ATLANTA — In the wake of the Derek Chauvin verdict this week, there’s still talk about re-imagining police response here in Atlanta.
A new plan has nothing to do with defunding the police or reducing officers.
State Rep. Sandra Scott, D-Clayton County, said the murder of George Floyd may spark enough momentum to lead to criminal justice reform across Georgia.
She’s introduced five bills that would do everything from mandating de-escalation training and banning military weapons in police departments, to creating citizen review boards in every jurisdiction.
“We’re tired. We can no longer take this,” Scott said. “We cannot continue to go on in the cycle that we’re going on, where African Americans are killed at the hands of police at the rate that they’re being killed.”
In Atlanta, City Councilman Antonio Brown introduced legislation that would change how the Atlanta Police Department handles excessive force.
“It’s really putting in place a true pathway for officers to hold their colleagues accountable,” Brown said.
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The resolution would ask APD to change operating procedures so that it becomes mandatory for officers to report excessive force incidents and other misconduct.
“I think a lot of officers that I’ve spoken with, they feel a sense of retaliation would occur if they operated through what’s currently existing within the standard operating procedure around duty to intervene,” Brown said.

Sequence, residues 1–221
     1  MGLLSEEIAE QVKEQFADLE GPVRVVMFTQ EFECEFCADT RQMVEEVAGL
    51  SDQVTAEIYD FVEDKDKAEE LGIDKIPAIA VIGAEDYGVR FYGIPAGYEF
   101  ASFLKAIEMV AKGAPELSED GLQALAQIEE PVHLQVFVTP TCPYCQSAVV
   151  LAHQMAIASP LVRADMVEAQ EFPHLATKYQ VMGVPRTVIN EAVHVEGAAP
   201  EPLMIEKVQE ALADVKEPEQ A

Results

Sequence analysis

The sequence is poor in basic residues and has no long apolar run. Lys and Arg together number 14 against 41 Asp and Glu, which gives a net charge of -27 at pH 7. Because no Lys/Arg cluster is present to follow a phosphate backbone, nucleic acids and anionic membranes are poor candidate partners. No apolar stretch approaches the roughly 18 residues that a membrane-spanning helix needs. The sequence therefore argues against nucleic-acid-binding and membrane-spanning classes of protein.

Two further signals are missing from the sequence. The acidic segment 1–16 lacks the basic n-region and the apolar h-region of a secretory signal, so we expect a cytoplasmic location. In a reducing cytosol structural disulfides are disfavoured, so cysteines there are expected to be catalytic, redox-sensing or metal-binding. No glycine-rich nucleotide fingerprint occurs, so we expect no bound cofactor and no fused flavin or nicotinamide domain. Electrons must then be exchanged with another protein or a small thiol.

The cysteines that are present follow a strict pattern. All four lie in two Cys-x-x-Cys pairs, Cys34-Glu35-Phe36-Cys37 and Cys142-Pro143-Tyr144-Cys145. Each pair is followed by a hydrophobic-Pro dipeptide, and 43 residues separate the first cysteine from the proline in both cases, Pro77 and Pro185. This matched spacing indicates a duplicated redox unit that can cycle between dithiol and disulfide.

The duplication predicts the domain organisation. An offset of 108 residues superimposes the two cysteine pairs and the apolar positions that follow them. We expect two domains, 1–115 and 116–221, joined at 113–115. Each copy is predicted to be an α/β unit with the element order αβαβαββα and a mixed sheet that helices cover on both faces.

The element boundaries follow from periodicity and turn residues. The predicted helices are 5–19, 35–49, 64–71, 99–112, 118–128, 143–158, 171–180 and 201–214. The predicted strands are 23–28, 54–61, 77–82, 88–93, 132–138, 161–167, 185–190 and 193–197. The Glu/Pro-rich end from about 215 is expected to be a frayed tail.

But even some supporters of police reform say the issues are deeper than what’s been proposed.
“Any reform that doesn’t focus on changing the reward structures is probably self-sabotaging,” said Thaddeus Johnson, a former police officer who is now a criminal justice professor at Georgia State University.
He said until officers are rewarded for community building instead of clearance rates and arrests, there’s no incentive to do it.
“Community policing hasn’t had that effect that we wanted to have. Because we have to reward officers for community policing, so rewarding for the job we want to see them do. That’s what I’m talking about,” Johnson said.
This week, the Atlanta City Council authorized a $2,500 bonus for some APD officers to try and boost morale and keep them from leaving.
Kim Hill runs Blue Thanksgiving, an organization to boost officer morale in Cobb County.
“These officers are not paid enough to do what they have to do,” Hill said.
She said most officers are good people and the assumption that they’re not hurts morale in every department.
“I wouldn’t trust my life in the hands of anyone. More so than the officers who have gone through the training that’s already in place,” Hill said.
The legislation Scott has proposed will be taken up in the next legislative session which would be next year.
Scott said she plans to meet with law enforcement leaders in the meantime to work on tweaking it.
The Atlanta resolution was introduced on Monday. Brown is hopeful it will get support in the coming weeks.